Most holiday-makers would be delighted to find themselves transported to the lush island paradise of Grenada in the Caribbean.
Not Edward Gamson and his partner, however, who thought they had booked a flight to Granada in Spain.
The couple first noticed that a mix-up had taken place when the in-flight electronic map showed their aircraft heading west out of London.
Instead of a two-hour flight to Spain, the couple found themselves in the air for nine hours, en route to the Caribbean, 4,000 miles from their planned destination. Mr Gamson, a dentist from the US, blames a British Airways booking agent for the error and is now suing the airline for $34,000 in US courts.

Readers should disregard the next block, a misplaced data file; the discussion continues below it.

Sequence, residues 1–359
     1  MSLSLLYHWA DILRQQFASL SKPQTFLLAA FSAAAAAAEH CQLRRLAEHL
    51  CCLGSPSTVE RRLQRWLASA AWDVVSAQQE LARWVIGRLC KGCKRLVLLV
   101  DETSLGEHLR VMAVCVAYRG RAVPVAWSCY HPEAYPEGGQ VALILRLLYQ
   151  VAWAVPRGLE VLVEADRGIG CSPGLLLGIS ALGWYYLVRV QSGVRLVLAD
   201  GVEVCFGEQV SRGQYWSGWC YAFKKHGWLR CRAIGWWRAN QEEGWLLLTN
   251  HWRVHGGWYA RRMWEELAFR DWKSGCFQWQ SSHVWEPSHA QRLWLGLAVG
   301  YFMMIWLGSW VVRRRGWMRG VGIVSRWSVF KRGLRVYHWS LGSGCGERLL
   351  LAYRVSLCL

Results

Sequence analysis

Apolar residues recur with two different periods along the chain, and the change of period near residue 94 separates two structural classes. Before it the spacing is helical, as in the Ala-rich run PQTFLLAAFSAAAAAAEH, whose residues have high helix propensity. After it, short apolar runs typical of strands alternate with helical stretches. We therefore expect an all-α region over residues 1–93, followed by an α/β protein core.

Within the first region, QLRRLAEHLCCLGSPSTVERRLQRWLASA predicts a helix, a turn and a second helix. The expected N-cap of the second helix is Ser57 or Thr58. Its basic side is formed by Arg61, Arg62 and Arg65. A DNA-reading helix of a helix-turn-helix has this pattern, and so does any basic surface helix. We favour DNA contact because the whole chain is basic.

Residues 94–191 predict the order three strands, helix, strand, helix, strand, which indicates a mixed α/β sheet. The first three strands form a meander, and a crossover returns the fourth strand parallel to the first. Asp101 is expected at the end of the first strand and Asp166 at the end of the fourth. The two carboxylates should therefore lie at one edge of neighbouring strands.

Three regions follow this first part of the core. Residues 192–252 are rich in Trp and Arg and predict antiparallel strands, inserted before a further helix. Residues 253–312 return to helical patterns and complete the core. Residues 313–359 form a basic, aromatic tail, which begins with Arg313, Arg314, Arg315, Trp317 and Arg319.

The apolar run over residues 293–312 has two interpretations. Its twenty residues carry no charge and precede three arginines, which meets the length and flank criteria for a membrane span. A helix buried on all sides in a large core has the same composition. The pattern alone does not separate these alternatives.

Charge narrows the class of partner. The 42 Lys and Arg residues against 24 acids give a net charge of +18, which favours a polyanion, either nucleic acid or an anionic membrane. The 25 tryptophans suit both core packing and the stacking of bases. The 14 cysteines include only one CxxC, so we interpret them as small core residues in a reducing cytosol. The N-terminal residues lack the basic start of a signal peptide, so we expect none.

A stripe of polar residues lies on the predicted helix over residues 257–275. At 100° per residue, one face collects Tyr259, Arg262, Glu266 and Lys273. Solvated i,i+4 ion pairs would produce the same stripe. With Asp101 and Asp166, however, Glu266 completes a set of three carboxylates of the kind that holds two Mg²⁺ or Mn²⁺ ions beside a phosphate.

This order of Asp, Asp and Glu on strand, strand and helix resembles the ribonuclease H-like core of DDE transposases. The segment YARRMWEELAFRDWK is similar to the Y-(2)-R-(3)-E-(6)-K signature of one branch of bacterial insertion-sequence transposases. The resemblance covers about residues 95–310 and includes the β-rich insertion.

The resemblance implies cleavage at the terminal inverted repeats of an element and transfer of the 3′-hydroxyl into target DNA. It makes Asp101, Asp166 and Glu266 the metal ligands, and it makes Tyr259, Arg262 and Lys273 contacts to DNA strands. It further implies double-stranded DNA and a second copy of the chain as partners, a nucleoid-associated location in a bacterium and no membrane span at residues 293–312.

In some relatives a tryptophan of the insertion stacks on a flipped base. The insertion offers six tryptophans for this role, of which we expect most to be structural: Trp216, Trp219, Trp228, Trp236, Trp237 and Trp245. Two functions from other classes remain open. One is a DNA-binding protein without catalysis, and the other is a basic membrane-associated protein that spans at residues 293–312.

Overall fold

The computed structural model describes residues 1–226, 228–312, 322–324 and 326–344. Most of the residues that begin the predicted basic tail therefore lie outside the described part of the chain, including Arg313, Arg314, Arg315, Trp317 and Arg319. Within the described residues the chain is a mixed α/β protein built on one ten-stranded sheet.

He said: "I made it absolutely clear to the booking agent I wanted to go to Granada in Spain.
"Why on earth would I want to go to Grenada in the Caribbean if I was flying back to America from Lisbon?"
Mr Gamson said that he and his partner had been planning to visit Granada's 11th-century Alhambra palace.
"I have a lifelong interest in Islamic art. I'm also of Spanish Jewish heritage, so it was something I had always wanted to do to visit Granada and the Alhambra," he said.
Crew on board the flight reportedly apologised for the mistake but British Airways refused to reimburse the £2,650 they paid for the first class tickets.
British Airways has resisted Mr Gamson's claim for damages, but an American judge rejected the airline's attempt to have part of his lawsuit struck out. The claim is now expected to go to a full hearing.
Mr Gamson said: "It's just so sad. A trip we had been really looking forward to was ruined and BA won't do the decent thing."